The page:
Both India and Pakistan have deep-rooted problems but not necessarily identical in nature. Therefore, while we can certainly learn a great deal from each other because of our shared background, we cannot blindly follow the other in every sphere. We have our own strengths, weaknesses, opportunities and threats, and must assess them in our own original way to move forward.

The contributor writes on socioeconomics and has a background in trading and exports in the private sector.

Published in The Express Tribune, February 20th, 2012.

Reader Comments (164)

  • From Herat with Love
    Feb 22, 2012 - 8:11AM

    Yama the Afghan. Please also do visit the Real India … not just what is showcased to impress foreigners … the veneer is very thin, and misleading … Thanks.


  • Geo Neighbours
    Feb 22, 2012 - 11:10AM

    @From Herat with Love:
    Foriegn Tourist arrivals in India in 2011 was 25 million. Domestic tourists in India are over 150 million. They do see the “real” India and yet keep growing the numbers at 25% per annum.
    Kashmir alone saw tourists this summer of 1.1 million, slightly more than the 900000 that visited pakistan. So… the grass on the indian side is perhaps not so bad!


  • wise counsel
    Feb 22, 2012 - 5:06PM

    @From Herat with Love:
    am not a guy …a wise counsel can also be of the female gender and whats a “firaaagi”???.Also the trolls visit pakistani sites because equal numbers exisit of pakistani trolls exist but they come in all nationalities,religion,caste and creed,…hehehe


  • lucknow nabob
    Feb 22, 2012 - 10:15PM

    @yama … so you’ve been taken in too …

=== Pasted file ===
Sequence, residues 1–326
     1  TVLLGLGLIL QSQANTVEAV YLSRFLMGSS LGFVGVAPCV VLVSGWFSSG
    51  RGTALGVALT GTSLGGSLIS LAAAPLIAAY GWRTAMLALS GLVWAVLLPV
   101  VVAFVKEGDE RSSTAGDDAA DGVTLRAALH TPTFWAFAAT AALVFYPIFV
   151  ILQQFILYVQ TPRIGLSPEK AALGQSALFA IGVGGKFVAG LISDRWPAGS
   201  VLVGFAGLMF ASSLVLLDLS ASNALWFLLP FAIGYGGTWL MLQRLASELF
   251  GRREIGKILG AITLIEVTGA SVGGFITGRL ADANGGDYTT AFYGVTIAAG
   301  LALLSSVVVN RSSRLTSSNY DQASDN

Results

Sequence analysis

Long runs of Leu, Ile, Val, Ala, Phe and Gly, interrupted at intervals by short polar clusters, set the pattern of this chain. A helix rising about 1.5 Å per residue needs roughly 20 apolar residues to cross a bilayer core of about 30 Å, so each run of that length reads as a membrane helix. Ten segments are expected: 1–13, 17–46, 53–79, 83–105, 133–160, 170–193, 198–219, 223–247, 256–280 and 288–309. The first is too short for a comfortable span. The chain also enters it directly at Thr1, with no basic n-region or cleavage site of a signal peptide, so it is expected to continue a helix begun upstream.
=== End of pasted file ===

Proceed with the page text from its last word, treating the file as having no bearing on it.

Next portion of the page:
… please come here, I ‘ll take you round the Real India … It’s not hard to find, it isn’t difficult to see, but really painful for the tens of millions of poor, destitute, hungry and hapless Indians who have been forsaken by the 1% … the see no hope From the venal, corrupt and insanely self-obsessed Indian Political-corporate Elite …


  • From Herat With Love
    Feb 22, 2012 - 10:30PM

    @geo Neighbour

    … in fact all those tourist attractions are those that were created and built before the ‘contemporary India’ founded … in fact the current dispensation has no contribution to that … it’s only living of it …


  • geo Neighbour
    Feb 23, 2012 - 9:48AM

    @From Herat With Love:
    That is the reality of real India. Plus Tourists visit other countries for history! Provided, they feel safe and welcome!
    BTW, the new international airport in Delhi was voted amongst the 5 best in the world. In last 10 years, India has built /renovated at least 35 more modern airports. That
    is progress. However, Pakistan must NOT follow India. It must strive to have its own model for “Grass”!!


  • Mufti
    Feb 23, 2012 - 6:29PM

    The views expressed by a large number of readers to this article seem to fall on two extremes.

    First, the facts are not manufactured but based on accessible information in an Oxford University study. Secondly, the opponents of the views expressed appear to have overlooked the appreciation about the Indian progress, their impressive number of PhDs (education sector), sustained democracy, and of course the economic progress etc. Nevertheless, one cannot shut one’s eyes to the misery prevailing parallel to the progress.

    Why most of Indian readers went on the defensive I am unable to understand, because the point of the whole article was that both the countries have huge problems but not identical ones, and cooperation rather than rivalry ought to be our guiding principle. I personally travelled to India to buy a sitar because we simply do not have the kind of musical instruments India makes. I wish I could buy an Indian sitar in Pakistan. So, relax we can do much better if we felt more positive about each other. In any case, what do we stand to gain by attempting to prove that we are better kind of poor than you are?


  • wise counsel
    Feb 23, 2012 - 11:12PM

    @From Herat With Love:
    “… in fact all those tourist attractions are those that were created and built before the ‘contemporary India’ founded … in fact the current dispensation has no contribution to that … it’s only living of it “